Biofuel News Roundup

I’ll post the weekly news roundup later this week. In the meantime, my biofuel news since from last month are piling up….By the way, I just finished an article on how oil firms such as Shell, Petrobras and BP have been investing multi-million to multi-billion dollars in Brazilian ethanol. This will come out on ICIS Chemical Business’ June 20 issue under Biofuels column (subscription only).


  • Virent makes gasoline from cellulosic biomass (I am writing a story on Virent’s biogasoline and bio-paraxylene projects, which will come out on June 27 ICB issue).
  • Shell and Cosan officially launched $12bn biofuel JV Raizen
  • US-based Diamond Green Diesel LLC, Darling International’s joint venture project with Valero Energy, has secured financing for the planned construction of its renewable diesel facility in Norco, Louisiana. Financing will be provided internally by a subsidiary of Valero Energy.
  • Endicott Biofuels and Holly Biofuels has formed Sabine Biofuels LLC for their 30 million-gallon-per-year biorefinery currently under construction in Port Arthur, Texas. The facility, using a Davy technology, will convert a full range of inedible, renewable fats or oils, in any proportion, to high quality biodiesel.
  • SG Biofuels has signed customers for the deployment of 250,000 acres of Jatropha using its JMax™ hybrid seeds. Jatropha is a non-edible energy crop that produces large volumes of sustainable plant oil used for biodiesel, bio jet fuel and specialty chemicals.
  • US algae developer OriginOil says its joint venture partner in France Ennesys is working with large institutions to develop two separate large-scale algae projects.
  • AE Advanced Fuels Keyes has restarted operations at the 55m gal/year ethanol production facility located in Keyes, California. Approximately 50 full time employees have been hired at the AE Keyes facility.
  • Albemarle Corporation expanded its presence in the biofuels market with the acquisition of Catilin Inc. Based in Ames, Iowa, Catilin develops heterogeneous biodiesel catalysis.
  • KiOR and Catchlight Energy, a 50-50 joint venture between subsidiaries of Chevron Corporation and Weyerhaeuser have signed a feedstock supply agreement where Catchlight Energy will supply forestry-based feedstocks required by KiOR’s first commercial renewable fuel production facility in Columbus, Mississippi.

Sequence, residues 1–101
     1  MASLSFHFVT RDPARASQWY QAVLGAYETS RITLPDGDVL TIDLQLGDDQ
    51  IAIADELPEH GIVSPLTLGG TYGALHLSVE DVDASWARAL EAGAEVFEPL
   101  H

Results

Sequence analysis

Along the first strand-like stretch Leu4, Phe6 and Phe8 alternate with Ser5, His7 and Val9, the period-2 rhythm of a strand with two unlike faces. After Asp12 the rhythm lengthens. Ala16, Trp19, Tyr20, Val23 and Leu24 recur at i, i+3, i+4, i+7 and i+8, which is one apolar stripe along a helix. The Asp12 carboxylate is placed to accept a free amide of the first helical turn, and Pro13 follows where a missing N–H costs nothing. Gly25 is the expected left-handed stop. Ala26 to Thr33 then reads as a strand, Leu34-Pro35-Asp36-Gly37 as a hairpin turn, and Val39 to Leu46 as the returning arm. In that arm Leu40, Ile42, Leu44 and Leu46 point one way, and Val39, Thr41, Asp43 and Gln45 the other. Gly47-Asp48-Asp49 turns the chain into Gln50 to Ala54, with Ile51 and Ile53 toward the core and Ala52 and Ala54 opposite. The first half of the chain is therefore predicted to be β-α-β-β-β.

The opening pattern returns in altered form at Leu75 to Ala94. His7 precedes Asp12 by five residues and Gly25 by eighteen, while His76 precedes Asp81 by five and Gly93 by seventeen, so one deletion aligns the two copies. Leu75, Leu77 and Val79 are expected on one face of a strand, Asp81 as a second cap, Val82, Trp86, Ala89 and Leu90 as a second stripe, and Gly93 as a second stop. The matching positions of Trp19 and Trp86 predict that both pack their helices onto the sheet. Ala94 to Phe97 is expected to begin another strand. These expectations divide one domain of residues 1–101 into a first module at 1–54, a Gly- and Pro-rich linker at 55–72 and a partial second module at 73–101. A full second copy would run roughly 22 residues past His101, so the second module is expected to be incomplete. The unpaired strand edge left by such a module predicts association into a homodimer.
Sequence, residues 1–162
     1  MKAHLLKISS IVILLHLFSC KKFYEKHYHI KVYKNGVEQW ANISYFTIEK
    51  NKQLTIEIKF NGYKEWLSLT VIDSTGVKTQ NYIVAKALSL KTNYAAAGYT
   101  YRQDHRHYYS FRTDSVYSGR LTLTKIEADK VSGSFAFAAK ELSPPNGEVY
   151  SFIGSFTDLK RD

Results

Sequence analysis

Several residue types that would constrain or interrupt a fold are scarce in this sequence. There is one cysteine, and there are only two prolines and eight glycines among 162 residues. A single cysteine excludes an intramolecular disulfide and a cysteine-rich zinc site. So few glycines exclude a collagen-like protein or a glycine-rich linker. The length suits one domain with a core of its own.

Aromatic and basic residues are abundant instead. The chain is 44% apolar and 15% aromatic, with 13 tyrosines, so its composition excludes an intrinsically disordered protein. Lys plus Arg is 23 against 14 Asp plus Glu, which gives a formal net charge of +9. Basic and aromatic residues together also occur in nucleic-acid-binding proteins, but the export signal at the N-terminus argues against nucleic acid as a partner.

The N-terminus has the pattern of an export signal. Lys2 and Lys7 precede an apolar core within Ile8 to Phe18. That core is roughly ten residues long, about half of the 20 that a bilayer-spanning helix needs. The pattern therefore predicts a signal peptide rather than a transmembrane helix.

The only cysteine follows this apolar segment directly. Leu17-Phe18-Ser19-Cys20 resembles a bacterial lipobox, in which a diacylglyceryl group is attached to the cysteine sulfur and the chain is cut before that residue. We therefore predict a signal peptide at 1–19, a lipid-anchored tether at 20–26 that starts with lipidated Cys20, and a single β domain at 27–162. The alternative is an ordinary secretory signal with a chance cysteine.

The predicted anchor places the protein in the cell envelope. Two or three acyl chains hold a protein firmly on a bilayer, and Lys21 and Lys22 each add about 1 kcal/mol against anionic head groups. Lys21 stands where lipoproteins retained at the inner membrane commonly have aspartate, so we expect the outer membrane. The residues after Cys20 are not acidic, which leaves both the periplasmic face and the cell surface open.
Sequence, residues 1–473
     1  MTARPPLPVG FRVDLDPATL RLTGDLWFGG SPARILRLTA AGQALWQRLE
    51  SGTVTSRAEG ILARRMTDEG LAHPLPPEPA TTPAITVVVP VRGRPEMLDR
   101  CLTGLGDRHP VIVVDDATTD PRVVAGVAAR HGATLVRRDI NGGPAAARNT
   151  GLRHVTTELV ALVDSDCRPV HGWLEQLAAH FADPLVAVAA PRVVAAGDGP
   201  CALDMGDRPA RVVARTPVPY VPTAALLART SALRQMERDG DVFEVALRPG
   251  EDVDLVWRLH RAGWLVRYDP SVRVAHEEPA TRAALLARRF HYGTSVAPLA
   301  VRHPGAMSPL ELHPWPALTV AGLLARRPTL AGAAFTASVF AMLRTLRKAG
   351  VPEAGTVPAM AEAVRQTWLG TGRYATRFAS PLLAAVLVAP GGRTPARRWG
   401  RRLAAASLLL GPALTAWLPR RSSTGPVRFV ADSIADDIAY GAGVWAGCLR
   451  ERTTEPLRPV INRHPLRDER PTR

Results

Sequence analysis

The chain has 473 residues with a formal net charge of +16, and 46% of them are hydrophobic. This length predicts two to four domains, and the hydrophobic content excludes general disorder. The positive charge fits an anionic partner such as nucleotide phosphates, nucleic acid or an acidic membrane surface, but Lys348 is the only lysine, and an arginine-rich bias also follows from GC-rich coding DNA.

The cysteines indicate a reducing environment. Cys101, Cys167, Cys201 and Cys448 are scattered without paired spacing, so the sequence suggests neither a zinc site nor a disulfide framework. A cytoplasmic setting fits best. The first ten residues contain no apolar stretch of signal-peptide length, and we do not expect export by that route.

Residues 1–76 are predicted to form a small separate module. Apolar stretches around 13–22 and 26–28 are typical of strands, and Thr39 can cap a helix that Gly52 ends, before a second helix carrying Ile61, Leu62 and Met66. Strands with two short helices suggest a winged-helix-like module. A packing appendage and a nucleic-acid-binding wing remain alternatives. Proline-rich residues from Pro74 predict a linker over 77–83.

• The United Parcel Service (UPS) is now using biodiesel blends at its most vital hub in Louisville, Kentucky. It will allow fueling operators to blend specified percentages of biodiesel “on the fly,” starting with 5 percent biodiesel (B5), and working up to 20 percent biodiesel (B20).


  • Scientists from NASA’s Langley Research Center have been testing chicken fat-based biofuel mixed with regular jet fuel on a NASA DC-8 aircraft to measure its performance and emissions as part of the Alternative Aviation Fuel Experiment II, or AAFEX II. The Air Force bought thousands of gallons of the animal fat to burn in some of their jets and provided about 8,000 gallons (30,283 liters) to NASA for the experiment.
  • A team of bioengineers from Georgia Institute of Technology have modified a strain of bacteria to increase its ability to produce ethanol. The research reveals how adaptation and metabolic engineering can be combined for strain improvement, a positive development for the biofuel industry.
  • Two chemists at Brown University have streamlined the conversion of waste vegetable oil into biodiesel, eliminating the need for corrosive chemicals to perform the reactions.


  • Economics, physics are roadblocks for mass-scale algae biodiesel production, a study from Kansas State University researchers reported.
  • A 10-month study by Sustainable Aviation Fuels Northwest (SAFN) finds political support at the state and federal level is critical in the early stages of development for aviation biofuels.
  • A study from Forisk Consulting and the Schiamberg Group finds 11-year gap between announced wood biofuel production and commercial viability of in-development Technologies, and that cellulosic ethanol won’t materially contribute to EPA Renewable Fuel Targets by 2022.

  • A new study from Pacific Northwest National Laboratory (PNNL) shows that 17% of the US’ imported oil for transportation could be replaced by biofuel made from algae grown in outdoor raceway ponds located in the Gulf Coast, the Southeastern Seaboard and the Great Lakes.

  • New analysis from Frost & Sullivan finds that second-generation biofuels have the capacity to replace first-generation biofuels based on edible feedstock with non-edible cellulosic materials.


  • Several members of the US congress are calling to waive or repeal biofuels provisions included in the Energy Independence and Security Act of 2007 (EISA), including the Renewable Fuels Standard (RFS). A letter from the Advanced Biofuels Association, Biotechnology Industry Organization, Renewable Fuels Association, Advanced Ethanol Council, and American Coalition for Ethanol is urging Congress to leave RFS alone.
  • The BIOfuel From Algae Technologies (BIOFAT) project, largely funded by the European Commission’s Seventh Framework Program, aims to demonstrate that biofuels made from microalgae can offer energy efficiency, economic viability and environmental sustainability.
  • The European Biodiesel Board welcomes an announcement confirming the adoption by EU Member States of Regulations preventing the circumvention of the anti-dumping and countervailing duties on US biodiesel in place since 2009.
  • The US Department of Energy (DOE) announces up to $36mn grant to support the development of drop-in biofuels and bioproducts. Companies receiving the grant include General Atomics, Genomatica, Michigan Biotechnology Institute, HCL CleanTech, Texas Engineering Experiment Station, and Virent.

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